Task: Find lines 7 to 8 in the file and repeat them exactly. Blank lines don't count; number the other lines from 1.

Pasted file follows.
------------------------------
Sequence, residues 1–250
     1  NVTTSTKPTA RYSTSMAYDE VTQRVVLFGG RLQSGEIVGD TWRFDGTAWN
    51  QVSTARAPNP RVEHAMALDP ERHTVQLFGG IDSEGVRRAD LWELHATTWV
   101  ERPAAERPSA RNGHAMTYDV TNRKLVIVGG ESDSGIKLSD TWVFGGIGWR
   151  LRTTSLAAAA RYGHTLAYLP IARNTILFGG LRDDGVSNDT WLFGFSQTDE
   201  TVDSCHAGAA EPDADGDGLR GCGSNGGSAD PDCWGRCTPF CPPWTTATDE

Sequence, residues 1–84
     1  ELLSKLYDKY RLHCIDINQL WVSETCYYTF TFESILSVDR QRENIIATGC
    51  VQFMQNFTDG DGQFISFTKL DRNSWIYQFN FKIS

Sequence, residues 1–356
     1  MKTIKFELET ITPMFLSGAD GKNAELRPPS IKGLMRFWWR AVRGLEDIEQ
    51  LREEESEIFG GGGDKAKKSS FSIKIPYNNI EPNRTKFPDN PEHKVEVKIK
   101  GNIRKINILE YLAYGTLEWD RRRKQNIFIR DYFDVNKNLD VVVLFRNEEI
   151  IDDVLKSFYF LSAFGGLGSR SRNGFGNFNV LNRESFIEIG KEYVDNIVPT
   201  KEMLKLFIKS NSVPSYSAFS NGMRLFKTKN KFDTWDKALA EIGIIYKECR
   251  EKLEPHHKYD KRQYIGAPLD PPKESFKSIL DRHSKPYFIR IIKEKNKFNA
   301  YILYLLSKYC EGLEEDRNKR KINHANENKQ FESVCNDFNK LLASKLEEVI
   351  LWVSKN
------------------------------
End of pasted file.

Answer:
Sequence, residues 1–84
     1  ELLSKLYDKY RLHCIDINQL WVSETCYYTF TFESILSVDR QRENIIATGC